In 2002, Fox News anchor Neil Cavuto, the managing editor for business at the network, contributed $1,000 to a fund-raising dinner for President Bush.
So reveals Howard Kurtz, media critic for The Washington Post.
Informed of Cavuto's contribution, John Moody, Fox News vice president, lamented, "I wish he hadn't." Moody has circulated a new network policy discouraging political contributions. "I hope our people will follow the advice I've given to them voluntarily. The potential perception is that they favor one candidate over another."
Kurtz lists dozens of contributions from media heavyweights to candidates, with most of the money going to Democrats or to the 2000 campaign of John McCain. Surprise, surprise.
But what is wrong with Neal Cavuto contributing $1,000 of his own money to re-elect a president he believes has been good for his country? By putting his political convictions out in the open for all to see, Cavuto's contribution seems to me open and honest. Anyone who has watched the Cavuto show on Fox is not going to be shocked that George W. Bush is his man.
What of Moody's fear, "The potential perception is that they favor one candidate over another"? But in Cavuto's case, and the other cases cited by Kurtz, the perception is reality. The media folks who made those contributions wanted those candidates to win. And if the perception is reality, why should not people know the truth about the leanings, loyalties and allegiances of the men and women who cover and comment on politics?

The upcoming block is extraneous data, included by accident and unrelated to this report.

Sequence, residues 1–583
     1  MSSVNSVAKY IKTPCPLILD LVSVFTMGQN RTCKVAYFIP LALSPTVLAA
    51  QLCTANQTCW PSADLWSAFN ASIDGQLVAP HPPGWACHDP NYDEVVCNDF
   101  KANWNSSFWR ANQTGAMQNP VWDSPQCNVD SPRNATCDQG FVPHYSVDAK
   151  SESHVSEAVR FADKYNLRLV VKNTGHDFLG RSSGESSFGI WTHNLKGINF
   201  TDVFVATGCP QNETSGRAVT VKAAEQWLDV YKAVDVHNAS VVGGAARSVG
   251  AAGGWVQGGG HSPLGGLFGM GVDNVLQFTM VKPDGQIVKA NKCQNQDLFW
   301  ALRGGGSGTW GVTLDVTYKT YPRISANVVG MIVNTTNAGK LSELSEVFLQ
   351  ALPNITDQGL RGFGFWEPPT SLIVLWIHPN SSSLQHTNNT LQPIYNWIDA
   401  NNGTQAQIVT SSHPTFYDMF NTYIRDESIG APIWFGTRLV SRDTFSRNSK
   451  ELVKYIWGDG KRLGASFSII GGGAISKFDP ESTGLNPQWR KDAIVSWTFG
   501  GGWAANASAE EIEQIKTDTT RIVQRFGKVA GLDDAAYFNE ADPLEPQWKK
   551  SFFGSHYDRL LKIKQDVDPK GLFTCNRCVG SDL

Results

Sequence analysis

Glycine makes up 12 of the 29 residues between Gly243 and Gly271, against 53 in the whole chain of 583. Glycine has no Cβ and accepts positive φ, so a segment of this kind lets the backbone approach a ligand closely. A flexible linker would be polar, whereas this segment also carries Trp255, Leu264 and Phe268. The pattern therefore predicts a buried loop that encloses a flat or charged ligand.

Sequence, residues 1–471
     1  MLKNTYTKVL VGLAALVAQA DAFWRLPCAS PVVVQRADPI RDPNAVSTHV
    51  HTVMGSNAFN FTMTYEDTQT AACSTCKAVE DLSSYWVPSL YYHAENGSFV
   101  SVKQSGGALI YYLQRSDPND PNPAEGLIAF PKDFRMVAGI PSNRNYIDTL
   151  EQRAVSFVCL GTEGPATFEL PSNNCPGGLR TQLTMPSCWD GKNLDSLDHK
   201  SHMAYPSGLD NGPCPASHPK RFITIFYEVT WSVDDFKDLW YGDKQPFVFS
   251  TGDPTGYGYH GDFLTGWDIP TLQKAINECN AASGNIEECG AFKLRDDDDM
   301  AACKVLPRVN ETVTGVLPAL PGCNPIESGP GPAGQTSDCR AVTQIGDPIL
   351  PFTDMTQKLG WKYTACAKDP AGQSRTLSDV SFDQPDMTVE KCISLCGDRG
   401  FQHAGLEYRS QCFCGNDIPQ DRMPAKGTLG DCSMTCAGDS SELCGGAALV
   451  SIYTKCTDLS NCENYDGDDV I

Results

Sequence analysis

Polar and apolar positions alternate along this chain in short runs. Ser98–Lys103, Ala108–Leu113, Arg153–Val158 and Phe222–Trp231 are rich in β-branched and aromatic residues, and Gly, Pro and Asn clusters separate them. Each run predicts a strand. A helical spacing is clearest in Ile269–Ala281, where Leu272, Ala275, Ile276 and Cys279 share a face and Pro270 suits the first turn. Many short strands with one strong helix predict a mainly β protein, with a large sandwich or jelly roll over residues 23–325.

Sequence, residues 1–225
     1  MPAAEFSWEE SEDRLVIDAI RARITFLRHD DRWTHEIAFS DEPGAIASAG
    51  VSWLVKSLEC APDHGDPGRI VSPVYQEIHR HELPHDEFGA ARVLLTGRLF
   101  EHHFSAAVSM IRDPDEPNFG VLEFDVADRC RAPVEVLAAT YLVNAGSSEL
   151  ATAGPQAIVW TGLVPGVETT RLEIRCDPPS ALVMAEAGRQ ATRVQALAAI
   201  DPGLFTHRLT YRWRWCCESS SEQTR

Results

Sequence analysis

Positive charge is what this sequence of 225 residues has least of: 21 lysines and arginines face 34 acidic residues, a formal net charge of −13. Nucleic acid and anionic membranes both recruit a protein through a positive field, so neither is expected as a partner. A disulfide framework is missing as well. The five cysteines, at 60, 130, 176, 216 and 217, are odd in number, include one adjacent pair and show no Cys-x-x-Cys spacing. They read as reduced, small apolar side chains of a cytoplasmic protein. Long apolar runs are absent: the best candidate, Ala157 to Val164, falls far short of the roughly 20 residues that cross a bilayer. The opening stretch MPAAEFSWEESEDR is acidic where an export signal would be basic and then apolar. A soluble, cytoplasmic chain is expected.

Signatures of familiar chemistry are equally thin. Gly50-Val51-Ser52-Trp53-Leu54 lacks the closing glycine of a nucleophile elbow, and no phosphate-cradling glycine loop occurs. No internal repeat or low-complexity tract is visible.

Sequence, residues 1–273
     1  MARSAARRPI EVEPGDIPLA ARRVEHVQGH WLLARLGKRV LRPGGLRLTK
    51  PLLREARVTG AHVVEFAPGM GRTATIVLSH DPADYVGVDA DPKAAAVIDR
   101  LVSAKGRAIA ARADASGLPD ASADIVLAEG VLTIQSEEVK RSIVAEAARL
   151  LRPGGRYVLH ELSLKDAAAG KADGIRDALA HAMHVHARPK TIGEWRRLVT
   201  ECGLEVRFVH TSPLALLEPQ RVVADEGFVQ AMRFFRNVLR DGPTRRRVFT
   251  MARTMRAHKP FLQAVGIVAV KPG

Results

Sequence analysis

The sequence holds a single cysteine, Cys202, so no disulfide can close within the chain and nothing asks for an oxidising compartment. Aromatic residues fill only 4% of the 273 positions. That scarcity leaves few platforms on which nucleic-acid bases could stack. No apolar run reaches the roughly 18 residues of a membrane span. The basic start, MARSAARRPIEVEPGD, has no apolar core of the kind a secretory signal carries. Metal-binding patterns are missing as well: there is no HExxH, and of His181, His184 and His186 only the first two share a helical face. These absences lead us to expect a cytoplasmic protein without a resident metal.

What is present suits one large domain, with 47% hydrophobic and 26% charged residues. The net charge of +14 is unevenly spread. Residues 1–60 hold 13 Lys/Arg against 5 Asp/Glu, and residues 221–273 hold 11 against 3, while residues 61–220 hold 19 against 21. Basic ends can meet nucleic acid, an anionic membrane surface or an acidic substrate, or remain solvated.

Moody seems to prefer the viewers of Fox News to remain in the dark about where Fox's anchors, reporters and commentators stand. But why? Well, he understandably fears that, otherwise, viewers may suspect that Fox's journalists are slanting the news or tilting the commentary. But cannot the people, informed where a journalist stands, make that judgment for themselves?
The truth is that journalists, who are among the best informed and most ideologically committed of Americans, do favor and disfavor causes and candidates. Why should the public not know of these preferences, prejudices and allegiances? Is public ignorance better than public knowledge?
For generations, our media elite has fed the people the party line that journalists are objective and neutral observers who call it as they see it, concerned only with fairness, truth and accuracy, and who are ever on guard to keep their opinions our of their copy. The media have a vested interest in perpetuating this myth.
But it is not the truth. In many cases, it is wholesale consumer fraud. Almost everyone in journalism, and much of the public, knows it.